This paper presents case studies of the short-term field performance and material property evolution of four warm-mix asphalt (WMA) projects in Iowa, Louisiana, Montana, and Tennessee, constructed in 2011 and 2012. Each project had one or several WMA overlay sections and a control hot-mix asphalt (HMA). Two rounds of performance investigations were conducted, including a survey of field distress and characterization of material properties. Field cores from the two rounds (the first immediately after construction, the second 2 to 3 years after construction) were used to evaluate the performance of the mixtures in terms of dynamic modulus, creep compliance, fracture testing at intermediate and low temperatures, and the Hamburg wheel-tracking test. The following tests were also used to evaluate the extracted asphalt binders: performance grading, multiple stress creep recovery, and monotonic fracture at two temperatures. This study showed that the material properties (rutting and cracking resistance) evolved over time for both the HMA and WMA pavements; however, pavement maintenance (e.g., chip seals) affected this evolution. In general, the material properties of WMA and HMA pavements for the second-round samples were consistent with those of the first-round samples.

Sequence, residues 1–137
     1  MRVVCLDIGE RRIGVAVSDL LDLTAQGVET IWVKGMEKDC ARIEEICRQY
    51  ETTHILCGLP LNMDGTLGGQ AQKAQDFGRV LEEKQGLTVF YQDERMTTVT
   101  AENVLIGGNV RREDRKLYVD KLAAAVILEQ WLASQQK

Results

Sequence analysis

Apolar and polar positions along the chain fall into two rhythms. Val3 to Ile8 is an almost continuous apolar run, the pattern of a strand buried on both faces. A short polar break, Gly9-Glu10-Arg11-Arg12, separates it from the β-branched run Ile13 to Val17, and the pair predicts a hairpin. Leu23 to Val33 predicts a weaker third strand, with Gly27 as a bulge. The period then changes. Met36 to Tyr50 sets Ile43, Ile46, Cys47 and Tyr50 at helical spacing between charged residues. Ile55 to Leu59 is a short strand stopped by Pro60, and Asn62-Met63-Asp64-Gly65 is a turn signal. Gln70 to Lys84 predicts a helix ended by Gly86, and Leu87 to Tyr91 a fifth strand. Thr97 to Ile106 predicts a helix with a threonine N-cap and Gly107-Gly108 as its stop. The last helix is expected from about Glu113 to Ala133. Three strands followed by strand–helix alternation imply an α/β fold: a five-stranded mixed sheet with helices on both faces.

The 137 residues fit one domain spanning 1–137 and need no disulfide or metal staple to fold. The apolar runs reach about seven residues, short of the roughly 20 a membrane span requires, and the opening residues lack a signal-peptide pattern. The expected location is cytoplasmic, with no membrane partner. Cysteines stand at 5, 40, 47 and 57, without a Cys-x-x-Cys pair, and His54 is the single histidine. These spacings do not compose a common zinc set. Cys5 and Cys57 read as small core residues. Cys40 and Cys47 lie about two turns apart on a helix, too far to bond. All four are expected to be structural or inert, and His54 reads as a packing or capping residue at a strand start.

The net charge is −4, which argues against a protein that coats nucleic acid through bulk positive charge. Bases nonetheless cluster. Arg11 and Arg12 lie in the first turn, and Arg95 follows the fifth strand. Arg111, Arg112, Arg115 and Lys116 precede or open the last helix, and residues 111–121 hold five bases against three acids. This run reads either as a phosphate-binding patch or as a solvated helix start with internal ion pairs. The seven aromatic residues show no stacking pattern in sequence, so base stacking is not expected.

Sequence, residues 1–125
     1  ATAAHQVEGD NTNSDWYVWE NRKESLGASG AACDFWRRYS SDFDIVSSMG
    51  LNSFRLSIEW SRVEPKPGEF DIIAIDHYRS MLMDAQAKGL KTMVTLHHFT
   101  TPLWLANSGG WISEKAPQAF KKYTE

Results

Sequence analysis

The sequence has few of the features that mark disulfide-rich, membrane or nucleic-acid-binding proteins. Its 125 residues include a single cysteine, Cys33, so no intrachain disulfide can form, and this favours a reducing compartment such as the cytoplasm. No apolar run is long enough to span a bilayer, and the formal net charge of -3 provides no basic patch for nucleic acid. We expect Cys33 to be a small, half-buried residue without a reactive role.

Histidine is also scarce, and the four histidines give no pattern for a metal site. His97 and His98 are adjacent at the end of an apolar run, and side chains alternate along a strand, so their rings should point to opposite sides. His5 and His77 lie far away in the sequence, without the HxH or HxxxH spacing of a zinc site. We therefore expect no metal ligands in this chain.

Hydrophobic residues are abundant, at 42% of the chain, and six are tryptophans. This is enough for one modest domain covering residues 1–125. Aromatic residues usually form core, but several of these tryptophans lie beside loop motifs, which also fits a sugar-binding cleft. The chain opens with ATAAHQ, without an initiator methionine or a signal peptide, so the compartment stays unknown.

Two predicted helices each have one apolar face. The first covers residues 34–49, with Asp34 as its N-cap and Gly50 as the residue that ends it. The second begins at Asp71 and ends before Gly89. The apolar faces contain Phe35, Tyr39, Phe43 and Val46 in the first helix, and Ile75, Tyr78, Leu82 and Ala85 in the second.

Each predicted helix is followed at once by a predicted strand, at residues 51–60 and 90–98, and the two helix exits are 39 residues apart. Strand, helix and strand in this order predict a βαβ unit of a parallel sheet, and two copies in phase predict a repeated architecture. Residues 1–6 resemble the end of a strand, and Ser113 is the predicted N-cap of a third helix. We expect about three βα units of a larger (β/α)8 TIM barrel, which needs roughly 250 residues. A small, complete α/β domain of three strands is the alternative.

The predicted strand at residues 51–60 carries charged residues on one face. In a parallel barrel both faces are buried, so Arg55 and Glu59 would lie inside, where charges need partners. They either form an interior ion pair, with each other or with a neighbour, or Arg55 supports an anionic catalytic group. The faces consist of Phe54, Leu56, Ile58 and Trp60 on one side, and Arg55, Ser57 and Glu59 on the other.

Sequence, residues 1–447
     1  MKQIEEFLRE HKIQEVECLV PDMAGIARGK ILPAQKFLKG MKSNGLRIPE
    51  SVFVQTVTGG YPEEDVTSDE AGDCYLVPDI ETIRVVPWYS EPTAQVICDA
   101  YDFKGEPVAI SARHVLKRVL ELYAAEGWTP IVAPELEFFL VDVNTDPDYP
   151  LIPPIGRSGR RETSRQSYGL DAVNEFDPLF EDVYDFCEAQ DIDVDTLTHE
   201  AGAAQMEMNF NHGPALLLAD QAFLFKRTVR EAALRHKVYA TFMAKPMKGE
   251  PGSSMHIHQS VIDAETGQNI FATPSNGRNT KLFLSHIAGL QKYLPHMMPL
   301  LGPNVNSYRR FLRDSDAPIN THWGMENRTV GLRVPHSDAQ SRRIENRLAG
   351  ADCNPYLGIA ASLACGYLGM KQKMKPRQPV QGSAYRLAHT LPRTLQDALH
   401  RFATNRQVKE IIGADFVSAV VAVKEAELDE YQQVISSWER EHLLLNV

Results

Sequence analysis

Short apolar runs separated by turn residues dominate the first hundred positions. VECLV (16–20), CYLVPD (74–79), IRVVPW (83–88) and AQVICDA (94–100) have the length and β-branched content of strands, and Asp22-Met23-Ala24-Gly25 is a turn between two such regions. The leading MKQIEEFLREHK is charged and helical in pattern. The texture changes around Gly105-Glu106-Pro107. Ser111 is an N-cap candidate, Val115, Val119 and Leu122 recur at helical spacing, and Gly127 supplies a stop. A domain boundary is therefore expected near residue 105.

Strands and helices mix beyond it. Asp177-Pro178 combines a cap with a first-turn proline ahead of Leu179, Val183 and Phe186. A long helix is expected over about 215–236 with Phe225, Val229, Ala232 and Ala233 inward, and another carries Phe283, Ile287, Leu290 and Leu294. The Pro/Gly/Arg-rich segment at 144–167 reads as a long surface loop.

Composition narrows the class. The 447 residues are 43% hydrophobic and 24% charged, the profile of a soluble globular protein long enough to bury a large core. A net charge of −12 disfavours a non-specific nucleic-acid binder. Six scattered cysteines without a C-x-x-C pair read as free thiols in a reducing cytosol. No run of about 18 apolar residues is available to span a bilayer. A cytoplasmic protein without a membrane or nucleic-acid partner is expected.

All Science Journal Classification (ASJC) codes
- Civil and Structural Engineering
- Mechanical Engineering